# Integral of $\sin x \cdot \cos x$ [duplicate]

I've found 3 different solutions of this integral. Where did I make mistakes? In case there is no errors, could you explain why the results are different?

$\int \sin x \cos x dx$

1) via subsitution $u = \sin x$ $u = \sin x; du = \cos x dx \Rightarrow \int udu = \frac12 u^2 \Rightarrow \int \sin x \cos x dx = \frac12 \sin^2 x$

2) via subsitution $u = \cos x$ $u = \cos x; du = -\sin x dx \Rightarrow -\int udu = -\frac12 u^2 \Rightarrow \int \sin x \cos x dx = -\frac12 \cos^2 x = -\frac12 (1 - \sin^2 x) = -\frac12 + \frac12 \sin^2 x$

3) using $\sin 2x = 2 \sin x \cos x$

$\int \sin x \cos x dx = \frac12 \int \sin 2x = \frac12 (- \frac12 \cos 2x) = - \frac14 \cos 2x = - \frac14 (1 - 2 \sin^2 x) = - \frac14 + \frac12 \sin^2 x$

So, we have: $$\frac12 \sin^2 x \neq -\frac12 + \frac12 \sin^2 x \neq - \frac14 + \frac12 \sin^2 x$$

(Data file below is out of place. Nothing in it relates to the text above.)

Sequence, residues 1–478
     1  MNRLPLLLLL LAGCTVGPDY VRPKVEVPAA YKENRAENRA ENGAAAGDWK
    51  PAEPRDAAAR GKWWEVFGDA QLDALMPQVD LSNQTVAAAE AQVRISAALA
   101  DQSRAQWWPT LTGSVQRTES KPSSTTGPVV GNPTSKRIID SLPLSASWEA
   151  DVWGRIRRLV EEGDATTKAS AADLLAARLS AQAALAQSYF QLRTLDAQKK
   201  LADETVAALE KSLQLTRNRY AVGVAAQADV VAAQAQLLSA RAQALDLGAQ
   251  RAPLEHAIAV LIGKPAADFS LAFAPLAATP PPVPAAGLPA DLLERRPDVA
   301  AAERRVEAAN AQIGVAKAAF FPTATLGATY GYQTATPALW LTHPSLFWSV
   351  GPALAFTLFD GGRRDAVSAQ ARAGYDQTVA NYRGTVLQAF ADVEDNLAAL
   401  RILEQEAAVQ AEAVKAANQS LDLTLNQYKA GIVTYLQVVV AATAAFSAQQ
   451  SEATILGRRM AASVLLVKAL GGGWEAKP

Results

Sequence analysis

• Ahh! I always give this problem in my first year calculus course. – Jyrki Lahtonen May 4 '13 at 14:40
• $+C$... ${}{}{}$ – David Mitra May 4 '13 at 14:40
• $*$ is usually used for convolution in this context. I removed it. – Ayman Hourieh May 4 '13 at 14:42
• @AymanHourieh: Didn't I? – Inceptio May 4 '13 at 14:44
• @Inceptio Check the edit history. I edited the body; you edited the title. – Ayman Hourieh May 4 '13 at 14:49

Antiderivatives are only unique up to adding a constant ('of integration'). If you were to stick limits in your integrals then you'd always get the same number.

• Oh, yes. I checked it with 0 and \pi/2 and those 'strange' fractions deducted each other. Thank you – Jimch May 4 '13 at 14:46

Note: You are calculating indefinite integral and constants can be anything(they may differ). In fact the general solution to that would be just $C+\dfrac{\sin^2 x}{2}$

$$\frac{d\{f(x)+c\}}{dx}=f'(x)$$ for any arbitrary constant $c$

$$\implies \int f'(x)dx=f(x)+d$$ for any arbitrary constant $d$

So, in indefinite integral we can get answers which differ by some constant

A primitive is unique up to a constant